• Hi Tanner Swett! That's awesome! Thank you a ton!
– Error 403
Aug 17, 2022 at 12:59
• Your formula (which gives $100°C=1.37\times0°C$) makes sense if we consider Celsius as an alternative/proxy measure of heat energy. But Newton's Law of Coolng gives that it is temperature difference, rather than temperature per se, that is proportional to heat energy. Aug 17, 2022 at 13:25
• @ryang: Yes, $100\sideset{^\circ}{}{\mathrm{C}} = \frac{373.15}{273.15} \times 0 \sideset{^\circ}{}{\mathrm{C}}$ is correct.
– Nat
Aug 19, 2022 at 7:30
• @Nat I wasn’t referring to correctness/wrongness: I was implicitly merely pointing out that while Kelvin is naturally amenable to being treated as a proxy for heat energy (so, $2\times5K=10K$), Celsius was not designed, and is not typically understood, this way, and if we wish to force Celsius into this framework, then Tanner’s formula does make sense. OTOH, $2\times5°C=10 °C$ also absolutely makes sense, but, its interpretation is different. To be clear: if you find yourself having to double a °C value, then you are almost certainly doing something wrong (misinterpreting the problem). Aug 19, 2022 at 10:01
• One solution is creating this strange multiplication rule, but another solution would be that multiplication is just not defined for these objects. Mathematics deals a lot with equivalent quantities. One might say that two object are "equal", even when no multiplication is defined on them. Aug 19, 2022 at 17:19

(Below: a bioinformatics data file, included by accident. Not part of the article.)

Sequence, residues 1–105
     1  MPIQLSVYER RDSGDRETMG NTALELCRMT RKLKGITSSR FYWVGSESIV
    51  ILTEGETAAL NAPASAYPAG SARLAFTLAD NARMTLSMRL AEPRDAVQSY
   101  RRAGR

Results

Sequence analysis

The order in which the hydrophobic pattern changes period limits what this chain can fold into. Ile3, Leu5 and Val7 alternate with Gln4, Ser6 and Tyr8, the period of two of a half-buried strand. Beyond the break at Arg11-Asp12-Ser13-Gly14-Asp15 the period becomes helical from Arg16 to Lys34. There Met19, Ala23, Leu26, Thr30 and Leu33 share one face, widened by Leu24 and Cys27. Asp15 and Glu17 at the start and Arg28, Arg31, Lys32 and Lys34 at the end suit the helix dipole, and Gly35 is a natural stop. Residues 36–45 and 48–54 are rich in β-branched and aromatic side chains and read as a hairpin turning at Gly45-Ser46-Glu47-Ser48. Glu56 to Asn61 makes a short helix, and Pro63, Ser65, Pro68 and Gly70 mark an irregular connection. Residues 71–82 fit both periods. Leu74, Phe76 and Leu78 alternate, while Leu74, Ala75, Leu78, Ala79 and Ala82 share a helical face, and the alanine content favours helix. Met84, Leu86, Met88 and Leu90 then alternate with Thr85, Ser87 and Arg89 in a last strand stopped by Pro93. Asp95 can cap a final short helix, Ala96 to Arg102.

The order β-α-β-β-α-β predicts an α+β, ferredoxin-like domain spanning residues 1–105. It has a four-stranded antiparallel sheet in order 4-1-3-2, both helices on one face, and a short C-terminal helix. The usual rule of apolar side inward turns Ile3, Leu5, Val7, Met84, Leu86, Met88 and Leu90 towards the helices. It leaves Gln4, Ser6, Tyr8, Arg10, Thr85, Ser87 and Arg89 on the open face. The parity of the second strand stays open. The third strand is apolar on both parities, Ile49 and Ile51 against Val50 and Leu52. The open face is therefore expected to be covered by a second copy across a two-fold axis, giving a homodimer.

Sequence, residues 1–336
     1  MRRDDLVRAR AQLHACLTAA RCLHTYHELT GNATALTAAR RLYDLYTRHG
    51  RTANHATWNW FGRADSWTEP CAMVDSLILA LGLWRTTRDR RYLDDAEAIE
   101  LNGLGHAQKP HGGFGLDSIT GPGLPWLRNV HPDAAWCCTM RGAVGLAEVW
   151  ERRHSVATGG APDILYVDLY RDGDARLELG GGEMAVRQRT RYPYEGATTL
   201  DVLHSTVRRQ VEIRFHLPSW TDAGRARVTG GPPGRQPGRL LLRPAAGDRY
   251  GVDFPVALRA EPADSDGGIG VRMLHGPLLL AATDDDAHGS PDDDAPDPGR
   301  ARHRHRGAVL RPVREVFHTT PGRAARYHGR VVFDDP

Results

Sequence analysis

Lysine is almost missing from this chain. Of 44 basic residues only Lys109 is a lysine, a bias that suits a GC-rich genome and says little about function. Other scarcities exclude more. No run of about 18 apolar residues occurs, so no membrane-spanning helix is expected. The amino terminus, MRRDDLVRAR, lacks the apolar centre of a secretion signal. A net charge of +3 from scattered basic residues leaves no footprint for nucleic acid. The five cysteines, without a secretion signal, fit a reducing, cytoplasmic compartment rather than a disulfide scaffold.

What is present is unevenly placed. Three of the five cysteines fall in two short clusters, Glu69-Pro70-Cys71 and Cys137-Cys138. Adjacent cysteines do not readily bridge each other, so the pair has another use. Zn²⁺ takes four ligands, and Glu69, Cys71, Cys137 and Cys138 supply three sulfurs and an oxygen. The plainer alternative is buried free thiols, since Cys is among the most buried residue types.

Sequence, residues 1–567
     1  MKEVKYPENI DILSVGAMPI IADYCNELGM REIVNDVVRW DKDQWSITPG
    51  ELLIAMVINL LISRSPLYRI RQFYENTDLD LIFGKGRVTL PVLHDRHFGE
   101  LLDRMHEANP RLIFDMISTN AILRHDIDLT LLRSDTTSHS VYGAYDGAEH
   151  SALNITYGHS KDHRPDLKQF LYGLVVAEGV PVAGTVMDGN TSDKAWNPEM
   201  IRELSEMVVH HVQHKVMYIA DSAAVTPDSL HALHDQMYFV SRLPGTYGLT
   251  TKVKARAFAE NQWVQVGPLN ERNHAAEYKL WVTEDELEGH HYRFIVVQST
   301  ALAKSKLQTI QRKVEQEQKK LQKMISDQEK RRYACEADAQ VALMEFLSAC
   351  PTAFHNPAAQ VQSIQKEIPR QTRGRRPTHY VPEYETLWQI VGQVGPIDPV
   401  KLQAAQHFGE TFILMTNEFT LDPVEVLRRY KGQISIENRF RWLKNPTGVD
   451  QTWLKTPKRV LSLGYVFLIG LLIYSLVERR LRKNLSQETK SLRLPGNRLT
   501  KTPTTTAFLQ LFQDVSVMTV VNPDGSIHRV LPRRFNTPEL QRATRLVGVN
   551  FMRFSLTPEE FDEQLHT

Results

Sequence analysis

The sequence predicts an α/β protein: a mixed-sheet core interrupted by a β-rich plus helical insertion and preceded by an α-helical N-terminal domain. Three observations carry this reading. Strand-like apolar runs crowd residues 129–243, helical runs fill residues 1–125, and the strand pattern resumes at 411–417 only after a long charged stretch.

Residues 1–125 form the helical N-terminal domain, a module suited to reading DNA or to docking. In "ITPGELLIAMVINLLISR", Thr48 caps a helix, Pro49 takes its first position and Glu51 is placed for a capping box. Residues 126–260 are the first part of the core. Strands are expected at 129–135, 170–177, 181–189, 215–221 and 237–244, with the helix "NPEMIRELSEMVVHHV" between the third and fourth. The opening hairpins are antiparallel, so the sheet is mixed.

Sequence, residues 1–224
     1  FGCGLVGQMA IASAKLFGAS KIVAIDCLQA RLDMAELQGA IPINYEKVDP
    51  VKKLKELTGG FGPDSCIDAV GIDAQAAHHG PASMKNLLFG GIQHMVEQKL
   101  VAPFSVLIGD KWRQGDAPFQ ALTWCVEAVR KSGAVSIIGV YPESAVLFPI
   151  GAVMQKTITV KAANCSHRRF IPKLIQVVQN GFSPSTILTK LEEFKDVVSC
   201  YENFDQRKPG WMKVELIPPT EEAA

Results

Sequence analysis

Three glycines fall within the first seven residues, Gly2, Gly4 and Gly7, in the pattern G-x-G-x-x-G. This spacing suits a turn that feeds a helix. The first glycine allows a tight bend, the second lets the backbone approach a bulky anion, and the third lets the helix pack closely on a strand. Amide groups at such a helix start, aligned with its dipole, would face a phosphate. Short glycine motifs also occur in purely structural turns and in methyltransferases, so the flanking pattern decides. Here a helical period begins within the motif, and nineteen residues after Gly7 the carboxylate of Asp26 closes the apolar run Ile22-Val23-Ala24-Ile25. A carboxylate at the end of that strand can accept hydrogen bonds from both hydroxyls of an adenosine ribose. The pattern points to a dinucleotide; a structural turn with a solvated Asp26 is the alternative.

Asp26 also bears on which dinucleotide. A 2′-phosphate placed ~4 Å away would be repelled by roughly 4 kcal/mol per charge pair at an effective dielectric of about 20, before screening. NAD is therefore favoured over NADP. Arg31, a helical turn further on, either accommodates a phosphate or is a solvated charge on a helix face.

Let the rod's temperature be $$x$$ Kelvin and $$y$$ °Celsius, and length be $$p$$ inches and $$q$$ metres.

1. Notice that while the units inch and metre can be singular/plural and be manipulated algebraically $$\text{inch}=\frac{\text{metre}}{39.27},\tag1$$ $$\text‘y$$°C’ is more a state than a quantity, the units Kelvin and °Celsius don't have singular/plural forms, and $$\text{°C}\ne\text{K}-273.$$

2. These relationships hold: $$p=39.27q,\\y=x-273.$$

Although $$p$$ and $$q$$ reside on different scales, from $$(1),$$ their respective units are such that $$p\text{ inches}=q\text{ metres}.$$

$$x$$ and $$y$$ also live on different scales; unfortunately, $$y\text{°C} \ne x\text{K}.$$

3. The last equality fails because its right side is proportional to kinetic energy, while its left side is not; the zero points of the Celsius and Kelvin scales do not even coincide.

If we think of ‘hotness’ as a nonnegative quantity that starts from nought, then doubling $$x$$K is indicating that the rod has doubled in hotness; on the other hand, doubling $$y$$°C is signalling that its temperature difference from water's melting point has doubled.

4. Hence, the conversion between $$x$$K and $$y$$°C is via correspondence rather than equality.